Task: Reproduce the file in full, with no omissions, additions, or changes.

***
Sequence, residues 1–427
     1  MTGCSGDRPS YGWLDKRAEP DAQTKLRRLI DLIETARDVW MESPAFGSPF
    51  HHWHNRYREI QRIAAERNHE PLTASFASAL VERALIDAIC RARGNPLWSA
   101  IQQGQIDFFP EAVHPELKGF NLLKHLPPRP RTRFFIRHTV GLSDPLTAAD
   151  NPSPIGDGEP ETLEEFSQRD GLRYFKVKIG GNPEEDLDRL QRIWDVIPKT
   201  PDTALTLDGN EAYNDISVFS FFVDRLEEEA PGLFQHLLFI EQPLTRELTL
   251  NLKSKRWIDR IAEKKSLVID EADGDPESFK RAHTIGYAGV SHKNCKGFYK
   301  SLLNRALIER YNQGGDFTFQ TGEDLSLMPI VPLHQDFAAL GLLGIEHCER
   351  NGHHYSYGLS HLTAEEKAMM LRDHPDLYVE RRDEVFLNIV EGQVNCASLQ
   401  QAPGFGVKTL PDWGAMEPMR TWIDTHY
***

Sequence, residues 1–427
     1  MTGCSGDRPS YGWLDKRAEP DAQTKLRRLI DLIETARDVW MESPAFGSPF
    51  HHWHNRYREI QRIAAERNHE PLTASFASAL VERALIDAIC RARGNPLWSA
   101  IQQGQIDFFP EAVHPELKGF NLLKHLPPRP RTRFFIRHTV GLSDPLTAAD
   151  NPSPIGDGEP ETLEEFSQRD GLRYFKVKIG GNPEEDLDRL QRIWDVIPKT
   201  PDTALTLDGN EAYNDISVFS FFVDRLEEEA PGLFQHLLFI EQPLTRELTL
   251  NLKSKRWIDR IAEKKSLVID EADGDPESFK RAHTIGYAGV SHKNCKGFYK
   301  SLLNRALIER YNQGGDFTFQ TGEDLSLMPI VPLHQDFAAL GLLGIEHCER
   351  NGHHYSYGLS HLTAEEKAMM LRDHPDLYVE RRDEVFLNIV EGQVNCASLQ
   401  QAPGFGVKTL PDWGAMEPMR TWIDTHY